Judge: Former Charlotte mayor under house arrest until Nov. 18
CHARLOTTE, NC (WBTV) - Former Charlotte mayor Patrick Cannon was ordered by U.S. District Judge Frank Whitney to house arrest with an electronic monitor until Nov. 18, after voting in the midterm elections, violating his probation.
The order was given at the federal courthouse on Thursday just before 1:30 p.m. Following house arrest, Cannon will report to prison at FCI Morgantown, a minimal security federal correctional institution in West Virginia.
Whitney said there were 'logistic issues' with putting Cannon in custody today.
According to the Chief of US Probation, Cannon's ankle monitor will be put on Thursday when Cannon returns to his home. The monitor will allow him to stay on his property. It will be taken off on Nov. 18 when Cannon reports to FCI Morgantown for prison.
Election records show Cannon, who was recently sentenced to prison for taking bribes, cast a one-stop early voting ballot in the election. The online records show the former mayor voted on Oct. 30 at Community House Middle School.
That vote, which was officially challenged Tuesday night, violated Cannon's bond.
Cannon arrived at the federal courthouse to face Whitney, the same judge who sentenced him in his federal case.
Inside the courtroom Whitney told Cannon, "You did embarrass this community! This is round two. It's not as severe, but it's round two." Cannon apologized repeatedly, saying, "the light simply did not go off."
Prosecutors asked Whitney to put Cannon in custody immediately. The U.S. asked the judge to revoke the bond.
Whitney agreed with the U.S. that Cannon violated the bond and said that consequences would be determined. He said that Cannon is a sophisticated voter and should have known not to vote.
Attorney James Ferguson, who is representing Cannon, said to Whitney, "Your honor, please put this in context. He was not trying to do anything undercover. What do we do about it? That's what your honor needs to decide."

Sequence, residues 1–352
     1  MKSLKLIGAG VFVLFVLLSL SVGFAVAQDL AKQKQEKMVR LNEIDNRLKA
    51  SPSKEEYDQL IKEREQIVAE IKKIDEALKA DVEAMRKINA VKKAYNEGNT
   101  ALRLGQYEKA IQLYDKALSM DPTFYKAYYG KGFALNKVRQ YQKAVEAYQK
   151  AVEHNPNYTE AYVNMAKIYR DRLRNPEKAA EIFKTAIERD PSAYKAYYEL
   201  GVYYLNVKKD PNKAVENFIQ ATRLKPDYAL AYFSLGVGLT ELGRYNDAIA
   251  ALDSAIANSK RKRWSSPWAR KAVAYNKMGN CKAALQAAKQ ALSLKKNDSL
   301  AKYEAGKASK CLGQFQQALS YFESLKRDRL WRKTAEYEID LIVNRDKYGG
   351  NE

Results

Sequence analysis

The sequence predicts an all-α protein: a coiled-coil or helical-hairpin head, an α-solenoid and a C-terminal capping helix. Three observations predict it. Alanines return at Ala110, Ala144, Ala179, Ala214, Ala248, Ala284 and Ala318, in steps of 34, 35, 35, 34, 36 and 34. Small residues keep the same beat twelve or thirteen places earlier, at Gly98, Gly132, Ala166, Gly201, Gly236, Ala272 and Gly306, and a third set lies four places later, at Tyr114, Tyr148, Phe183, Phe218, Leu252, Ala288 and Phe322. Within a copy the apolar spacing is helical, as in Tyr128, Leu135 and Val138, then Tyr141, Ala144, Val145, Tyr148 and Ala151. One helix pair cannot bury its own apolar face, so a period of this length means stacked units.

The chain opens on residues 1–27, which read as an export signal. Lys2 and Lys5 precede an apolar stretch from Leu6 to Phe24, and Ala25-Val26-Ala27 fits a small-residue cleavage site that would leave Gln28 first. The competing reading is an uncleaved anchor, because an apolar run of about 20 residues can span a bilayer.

Around 1 p.m., Whitney started talking about the law and how it's illegal for felons to vote. He went on to say that courts need to be more clear with defendants regarding their loss of voting rights.
Ferguson referred to Cannon's actions as 'human error, an honest mistake.' He said that Cannon calls when he wants to get gas in South Carolina.
While Cannon was walking into the federal courthouse, we asked him the circulating question, "Why did you vote?" Cannon replied, "I don't want to be disrespectful to the court, so if you all will help me understand that, that would be great. Thank you so much."
When the former mayor was asked how he was holding up, he said, "The best I can, but thanks for asking."
Michael Dickerson, the county's election director, told The Charlotte Observer that he cannot remove the name of a felon convicted in federal court until the U.S. Attorney's Office tells him to.
Lia Bantavani, a spokesperson for the U.S. Attorney's Office, says the USAO provides quarterly notice of federal convictions to the Chief State Election Officials of the State of North Carolina of each person convicted of a federal felony during that quarter.
"Cannon was sentenced in October and thus, the notice of his felony conviction will be reported in the 4th quarter report," Bantavani said.
"Nonetheless, Cannon was represented by counsel, knew he was convicted of a felony, was informed by the court that his conviction included the loss of some previously held rights," she continued. "And [he] had access to the information on the North Carolina State Board of Elections and Mecklenburg Board of Elections websites regarding the voting laws of North Carolina."
Cannon was arrested last March, more than four months after he was elected to his first term as mayor. He pleaded guilty to a corruption charge in June.
In mid-October, the 47-year-old Democrat was sentenced to 44 months in federal prison and a $10,000 fine. Cannon was also ordered to forfeit more than $50,000 in assets – the amount of bribes he says he accepted from the FBI and a Charlotte businessman.
Greg Forest, chief of the U.S. Probation Office in Charlotte, said Cannon lost his right to vote as early as June 3, when he pleaded guilty to a corruption charge.
Forest said at the very least, Cannon lost his right to vote Oct. 14, when he was sentenced to more than three and a half years in prison.
Wednesday morning, Cannon met with his probation officer to discuss the issue.
Cannon was expected to enter prison later this month after Whitney allowed Cannon to remain free on bond until ordered to report to federal prison.
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